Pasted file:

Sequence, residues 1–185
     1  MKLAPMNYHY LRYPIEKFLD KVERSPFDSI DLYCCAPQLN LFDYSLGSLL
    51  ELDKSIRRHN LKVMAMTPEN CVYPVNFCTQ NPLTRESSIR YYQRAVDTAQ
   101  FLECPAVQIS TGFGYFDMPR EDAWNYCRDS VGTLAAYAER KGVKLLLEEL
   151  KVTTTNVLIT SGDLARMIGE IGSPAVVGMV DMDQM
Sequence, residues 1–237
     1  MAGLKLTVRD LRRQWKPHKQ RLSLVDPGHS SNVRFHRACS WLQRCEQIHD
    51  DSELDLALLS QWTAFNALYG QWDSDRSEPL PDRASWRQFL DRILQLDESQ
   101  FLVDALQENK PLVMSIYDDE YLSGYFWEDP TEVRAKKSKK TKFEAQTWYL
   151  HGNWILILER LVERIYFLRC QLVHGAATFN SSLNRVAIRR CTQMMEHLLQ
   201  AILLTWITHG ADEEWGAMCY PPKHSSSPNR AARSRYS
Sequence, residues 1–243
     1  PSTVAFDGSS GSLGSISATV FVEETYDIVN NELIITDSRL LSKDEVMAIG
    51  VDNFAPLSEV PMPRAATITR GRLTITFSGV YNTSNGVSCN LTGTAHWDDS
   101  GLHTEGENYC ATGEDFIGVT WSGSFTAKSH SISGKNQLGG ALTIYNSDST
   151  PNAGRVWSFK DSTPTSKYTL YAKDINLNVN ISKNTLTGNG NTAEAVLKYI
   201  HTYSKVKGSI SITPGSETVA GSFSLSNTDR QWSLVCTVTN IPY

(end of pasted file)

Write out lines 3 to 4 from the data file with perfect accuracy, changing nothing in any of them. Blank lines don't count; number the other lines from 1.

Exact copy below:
    51  ELDKSIRRHN LKVMAMTPEN CVYPVNFCTQ NPLTRESSIR YYQRAVDTAQ
   101  FLECPAVQIS TGFGYFDMPR EDAWNYCRDS VGTLAAYAER KGVKLLLEEL